Wednesday, April 04, 2007

Slowly I turned, step by step, inch by inch...

Today's column reviews the first two episodes of "The Sopranos," though I'm pretty vague on detail since Sopranos Rewind will be back for all that spoilery overanalysis beginning Monday:
Give Team Soprano two weeks before you make up your mind about the new season.

It's not that Sunday night's premiere is bad. If anything, it's a superb refresher of what makes Tony Soprano tick, as well as the deepest look we've ever had at Tony and Janice's childhood and their current relationship.

But after spending most of last season fielding complaints about the sluggish pace and focus on minor characters like Eugene Pontecorvo and Artie Bucco, I imagine the premiere -- a leisurely hour set largely at Bobby Bacala's cabin in the Adirondacks and featuring only four significant characters -- will lead to New Jersey's 911 operators getting overloaded Sunday night with calls of exploding heads, steam escaping ears, teeth being ground down to dust, etc.

So, before I can preview the new season in more detail or look back on the merits and flaws of the last one, I should say up front that episode two is more quintessentially "Sopranos," with use of virtually every major character (save, I think, Uncle Junior), mob intrigue, black humor and, yes, whacking. (Though there's some of that in the premiere.) If the premiere drives you nuts, know that something more your speed will be coming quickly.
To read the full thing, click here.

8 comments:

Adam said...

Whichever character believes in the "all fines accumulate at Free Parking" is correct.

Alan Sepinwall said...

Just be careful where and how forcefully you voice that opinion, Adam. It's apparently a controversial one.

TL said...

The free parking jackpot is a house rule, but is not part of the official rules.

Anonymous said...

"It's a brilliant illustration of just what a monster Tony can be, no matter how much we try to like him. . ."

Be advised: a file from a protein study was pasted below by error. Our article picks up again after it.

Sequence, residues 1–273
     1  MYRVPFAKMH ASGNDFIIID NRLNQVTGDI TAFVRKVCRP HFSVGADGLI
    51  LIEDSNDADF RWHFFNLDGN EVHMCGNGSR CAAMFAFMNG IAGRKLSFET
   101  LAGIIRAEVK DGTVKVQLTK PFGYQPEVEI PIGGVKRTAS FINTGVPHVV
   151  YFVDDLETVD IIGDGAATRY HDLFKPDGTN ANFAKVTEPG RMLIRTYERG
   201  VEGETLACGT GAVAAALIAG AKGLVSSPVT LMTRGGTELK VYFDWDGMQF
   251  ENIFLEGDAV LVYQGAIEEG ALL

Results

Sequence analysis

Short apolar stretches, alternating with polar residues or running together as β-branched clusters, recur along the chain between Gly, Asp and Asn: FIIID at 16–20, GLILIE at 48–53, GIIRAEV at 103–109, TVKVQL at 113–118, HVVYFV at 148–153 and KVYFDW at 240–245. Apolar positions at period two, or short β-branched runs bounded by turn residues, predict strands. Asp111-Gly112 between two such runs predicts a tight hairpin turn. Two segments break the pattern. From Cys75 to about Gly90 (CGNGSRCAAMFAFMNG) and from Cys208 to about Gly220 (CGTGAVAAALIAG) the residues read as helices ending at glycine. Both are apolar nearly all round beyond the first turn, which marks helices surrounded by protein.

Does this mean "New Tony" is finally being laid to rest? (It's a joke! I jest!)

I don't get this notion that Chase and the writers seem to hold that plot and character analysis must necessarily be inversely proportional. We've seen that assumption not to be true with The Wire, as well as other shows in the David Simon canon. Even movies that are meant to be character studies (e.g., "Mouchette," which I watched recently) can have interesting plots as well.

Ultimately, most of Chase's problems with the fans are self-created. Yes, Chase has said that the Pine Barrens episode was meant to be a stand-alone, but starting probably in season 3, the show has been inconsistant about whether we should expect developments to carry over to future episodes or not. Sometimes events carry forward; sometimes they don't -- almost arbitrarily.

Fan frustrations with season 6-A stem from the fact that the show has gone on too long (for financial reasons). Chase and the writers have run out of interesting things to say about these characters. Let's face it: Tony's psychological makeup is not that complicated and has been more or less fully explored. So in season 6-A, we got plot lines that were recycled or just repeated, and for originality, the writers looked to "Brokeback Mountain" and various dream/afterlife episodes of "MASH." It sounds like the first episode of 6-B is "Who's Afraid of Virginia Woolf" with the names changed.

I'll keep watching this year because I want to see what happens, but as has been said regarding "Lost," if there's not going to be "big" plot developments, each individual episode should be entertaining. Too many episodes in 6-A did not meet this standard.

paul c. said...

That long, rambling post was mine, by the way.

Alan Sepinwall said...

Paul, I see what you're saying, and I don't necessarily disagree. (Getting back to the Good-Looking Corpse discussion from last week, I think "The Sopranos" would have been much better off if Chase had stuck to his insistence on only doing five seasons and planned accordingly.)

That said, I would say both these episodes live up to your "but are they entertaining?" standard, especially the second one, which showcases my favorite unheralded actor of the series, Vince Curatola as Johnny Sack.

paul c. said...

I don't remember what I was doing last week, but I managed to miss that thread. Interesting debate.

Anonymous said...

The only great ep last season was when Carm went to Paris. the show has been dreadfully boring for years with little to no bright sposts since at least end of the 2nd season. It is a cash cow and Chase and co. don't have the balls to stop sucking at the tit. truly sad, because of this, "the wire" only gets a 10 ep last season (though you know those 10 eps will KILL!), Deadwood and Carnivale get canceleld before the time and HBO refuses to do one show that sounds even interesting.